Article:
It made me feel proud.

Emotion goes hand-in-hand with praise, and that’s why all praise must be sincere.

Further reading

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Secret Number 3: Praise is Power

The Four Rules of Praise

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News: Schoolgirl Put in Isolation 240 Times

An article by Richard James Rogers (Author of The Quick Guide to Classroom Management).

Illustrated by Tikumporn Boonchuaylue and Sutthiya Lertyongphati

I’m experimenting with a new format and schedule for my blog, and I hope that it will make my content even more interesting and useful for my readers (that’s the plan anyway!).

Every mid-week I’ll give my synopsis of a current education-related news story, along with my regular ‘teaching tips’ blog post on a Sunday. That’s two blog posts per week from now on.

This week I want to discuss my thoughts on a BBC News story that broke this week – that a schoolgirl in England had been sent to the ‘isolation room’ at her school at least 240 times since Year 7 (Grade 6).

Colorful classroom without student with board,books and globe - rendering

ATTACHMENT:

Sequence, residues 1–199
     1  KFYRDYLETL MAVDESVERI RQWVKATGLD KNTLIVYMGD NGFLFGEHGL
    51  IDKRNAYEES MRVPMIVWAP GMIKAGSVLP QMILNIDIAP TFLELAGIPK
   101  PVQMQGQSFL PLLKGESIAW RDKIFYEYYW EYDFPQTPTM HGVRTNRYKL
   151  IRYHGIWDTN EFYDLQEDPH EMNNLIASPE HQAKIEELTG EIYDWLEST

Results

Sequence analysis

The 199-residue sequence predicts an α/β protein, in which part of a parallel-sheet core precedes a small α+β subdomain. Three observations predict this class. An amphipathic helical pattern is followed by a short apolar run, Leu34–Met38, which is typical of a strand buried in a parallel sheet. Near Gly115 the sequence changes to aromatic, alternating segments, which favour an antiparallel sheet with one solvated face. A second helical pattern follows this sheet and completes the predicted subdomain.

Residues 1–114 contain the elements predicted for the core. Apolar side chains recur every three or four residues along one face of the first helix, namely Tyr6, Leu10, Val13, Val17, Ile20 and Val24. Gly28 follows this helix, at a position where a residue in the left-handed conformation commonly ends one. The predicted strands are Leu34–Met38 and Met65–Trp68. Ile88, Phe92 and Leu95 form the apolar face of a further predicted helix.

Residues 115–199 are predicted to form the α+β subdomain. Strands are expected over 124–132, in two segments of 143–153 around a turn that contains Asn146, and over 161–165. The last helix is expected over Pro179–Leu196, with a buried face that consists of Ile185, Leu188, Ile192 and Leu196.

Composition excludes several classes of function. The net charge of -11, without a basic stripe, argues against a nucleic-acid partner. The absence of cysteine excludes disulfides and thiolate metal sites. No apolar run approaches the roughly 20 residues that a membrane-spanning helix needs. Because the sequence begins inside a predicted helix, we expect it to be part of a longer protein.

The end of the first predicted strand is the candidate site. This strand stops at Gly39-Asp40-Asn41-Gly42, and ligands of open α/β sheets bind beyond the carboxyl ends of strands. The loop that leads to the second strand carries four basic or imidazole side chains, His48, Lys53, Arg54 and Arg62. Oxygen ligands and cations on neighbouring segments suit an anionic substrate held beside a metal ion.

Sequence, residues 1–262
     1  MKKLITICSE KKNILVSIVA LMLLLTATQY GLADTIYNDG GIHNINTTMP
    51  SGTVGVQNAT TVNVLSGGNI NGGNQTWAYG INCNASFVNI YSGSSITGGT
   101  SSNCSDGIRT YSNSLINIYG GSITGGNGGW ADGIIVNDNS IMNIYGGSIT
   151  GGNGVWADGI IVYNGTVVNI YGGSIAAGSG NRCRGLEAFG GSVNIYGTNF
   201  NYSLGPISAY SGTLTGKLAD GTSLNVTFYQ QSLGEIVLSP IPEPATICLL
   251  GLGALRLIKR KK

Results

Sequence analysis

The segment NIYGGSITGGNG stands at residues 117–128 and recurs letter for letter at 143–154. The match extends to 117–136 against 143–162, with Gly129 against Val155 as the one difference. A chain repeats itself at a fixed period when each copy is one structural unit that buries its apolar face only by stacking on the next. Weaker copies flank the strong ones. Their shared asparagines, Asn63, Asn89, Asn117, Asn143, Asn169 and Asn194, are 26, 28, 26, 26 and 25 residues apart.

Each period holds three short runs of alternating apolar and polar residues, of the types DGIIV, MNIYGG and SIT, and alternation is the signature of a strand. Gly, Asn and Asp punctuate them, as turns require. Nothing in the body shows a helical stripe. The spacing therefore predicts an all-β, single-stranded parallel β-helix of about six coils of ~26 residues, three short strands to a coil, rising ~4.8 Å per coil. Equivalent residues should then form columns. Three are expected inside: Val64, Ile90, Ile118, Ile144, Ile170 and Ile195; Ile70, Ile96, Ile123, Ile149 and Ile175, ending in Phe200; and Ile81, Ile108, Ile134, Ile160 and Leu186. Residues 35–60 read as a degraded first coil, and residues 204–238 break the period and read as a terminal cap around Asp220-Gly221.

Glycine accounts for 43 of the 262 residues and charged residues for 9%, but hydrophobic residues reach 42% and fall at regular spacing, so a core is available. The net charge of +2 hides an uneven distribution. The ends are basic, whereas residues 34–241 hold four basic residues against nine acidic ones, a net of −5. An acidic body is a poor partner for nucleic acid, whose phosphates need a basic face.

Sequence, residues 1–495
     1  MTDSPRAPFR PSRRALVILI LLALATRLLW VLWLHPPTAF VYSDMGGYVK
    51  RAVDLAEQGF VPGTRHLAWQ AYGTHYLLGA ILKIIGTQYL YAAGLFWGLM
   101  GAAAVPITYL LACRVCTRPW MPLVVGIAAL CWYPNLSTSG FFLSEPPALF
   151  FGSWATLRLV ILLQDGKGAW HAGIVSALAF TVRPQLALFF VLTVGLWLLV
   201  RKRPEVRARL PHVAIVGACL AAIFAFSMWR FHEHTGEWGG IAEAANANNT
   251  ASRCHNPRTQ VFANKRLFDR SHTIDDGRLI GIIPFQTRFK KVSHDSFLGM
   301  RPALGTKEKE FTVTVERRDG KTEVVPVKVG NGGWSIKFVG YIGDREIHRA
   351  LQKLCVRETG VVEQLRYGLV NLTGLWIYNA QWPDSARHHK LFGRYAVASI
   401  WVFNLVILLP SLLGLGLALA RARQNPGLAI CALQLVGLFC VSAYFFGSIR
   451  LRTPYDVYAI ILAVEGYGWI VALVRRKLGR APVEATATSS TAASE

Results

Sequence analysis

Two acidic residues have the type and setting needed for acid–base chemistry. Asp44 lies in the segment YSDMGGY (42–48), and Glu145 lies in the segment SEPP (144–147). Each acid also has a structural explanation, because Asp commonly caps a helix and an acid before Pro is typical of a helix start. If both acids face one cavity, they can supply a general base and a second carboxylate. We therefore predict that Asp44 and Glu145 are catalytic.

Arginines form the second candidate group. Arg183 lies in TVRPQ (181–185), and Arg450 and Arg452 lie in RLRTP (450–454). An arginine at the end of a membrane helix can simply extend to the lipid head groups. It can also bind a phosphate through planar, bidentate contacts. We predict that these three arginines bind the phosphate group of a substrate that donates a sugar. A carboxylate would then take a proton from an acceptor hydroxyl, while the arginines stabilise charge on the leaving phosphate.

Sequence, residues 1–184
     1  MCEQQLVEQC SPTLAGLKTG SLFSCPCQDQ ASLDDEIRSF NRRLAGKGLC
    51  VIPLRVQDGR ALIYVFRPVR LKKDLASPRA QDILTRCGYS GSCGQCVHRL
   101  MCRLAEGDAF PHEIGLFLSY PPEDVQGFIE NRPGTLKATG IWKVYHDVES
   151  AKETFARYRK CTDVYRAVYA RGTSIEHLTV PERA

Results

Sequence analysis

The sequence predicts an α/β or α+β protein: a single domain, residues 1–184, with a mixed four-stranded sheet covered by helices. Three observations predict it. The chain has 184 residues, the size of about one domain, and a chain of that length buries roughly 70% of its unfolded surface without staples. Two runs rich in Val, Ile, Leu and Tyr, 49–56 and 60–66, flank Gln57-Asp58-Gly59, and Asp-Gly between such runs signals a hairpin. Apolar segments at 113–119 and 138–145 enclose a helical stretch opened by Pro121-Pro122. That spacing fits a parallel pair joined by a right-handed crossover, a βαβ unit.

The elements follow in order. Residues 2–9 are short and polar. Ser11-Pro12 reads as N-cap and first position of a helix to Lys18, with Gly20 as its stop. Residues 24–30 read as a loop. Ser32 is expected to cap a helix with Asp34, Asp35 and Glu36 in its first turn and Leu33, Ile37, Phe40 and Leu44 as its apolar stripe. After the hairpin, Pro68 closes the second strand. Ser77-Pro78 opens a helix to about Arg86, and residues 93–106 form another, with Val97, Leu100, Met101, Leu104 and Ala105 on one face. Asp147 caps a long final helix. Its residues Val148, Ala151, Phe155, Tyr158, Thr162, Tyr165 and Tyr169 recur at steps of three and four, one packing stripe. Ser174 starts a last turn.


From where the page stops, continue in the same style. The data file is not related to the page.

What’s an ‘isolation room’ anyway?

It’s a place where the naughty kids are sent, basically. If the teacher feels that a student is being so disruptive that their behavior is affecting the learning of other students, then some schools will allow the teacher to send that kid to the isolation room.

Many UK schools have isolation rooms. They’re designed to be quiet places where kids can sit and do work, often supervised by a special ‘isolation room monitor’ (who is normally a fully qualified teacher too).

Many prominent figures in UK education support the idea of isolation rooms. Take Tom Bennet, author of The Behaviour Guru: Behaviour Management Solutions for Teachers, who has stated that using isolation booths is a perfectly normal, useful and compassionate strategy that is so common across the school sector that anyone expressing shock to discover it has, I can only assume, spent very little time actually working in a school.”